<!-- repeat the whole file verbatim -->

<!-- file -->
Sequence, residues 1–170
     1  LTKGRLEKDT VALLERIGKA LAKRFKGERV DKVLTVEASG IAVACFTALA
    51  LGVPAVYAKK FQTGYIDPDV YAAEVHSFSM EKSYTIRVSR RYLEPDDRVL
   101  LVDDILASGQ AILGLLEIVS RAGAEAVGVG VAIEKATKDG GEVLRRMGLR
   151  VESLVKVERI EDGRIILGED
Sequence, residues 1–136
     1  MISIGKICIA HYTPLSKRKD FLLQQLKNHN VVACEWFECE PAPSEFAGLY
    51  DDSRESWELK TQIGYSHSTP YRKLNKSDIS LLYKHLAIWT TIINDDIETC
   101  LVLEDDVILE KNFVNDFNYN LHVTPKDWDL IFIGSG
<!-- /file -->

Sequence, residues 1–170
     1  LTKGRLEKDT VALLERIGKA LAKRFKGERV DKVLTVEASG IAVACFTALA
    51  LGVPAVYAKK FQTGYIDPDV YAAEVHSFSM EKSYTIRVSR RYLEPDDRVL
   101  LVDDILASGQ AILGLLEIVS RAGAEAVGVG VAIEKATKDG GEVLRRMGLR
   151  VESLVKVERI EDGRIILGED
Sequence, residues 1–136
     1  MISIGKICIA HYTPLSKRKD FLLQQLKNHN VVACEWFECE PAPSEFAGLY
    51  DDSRESWELK TQIGYSHSTP YRKLNKSDIS LLYKHLAIWT TIINDDIETC
   101  LVLEDDVILE KNFVNDFNYN LHVTPKDWDL IFIGSG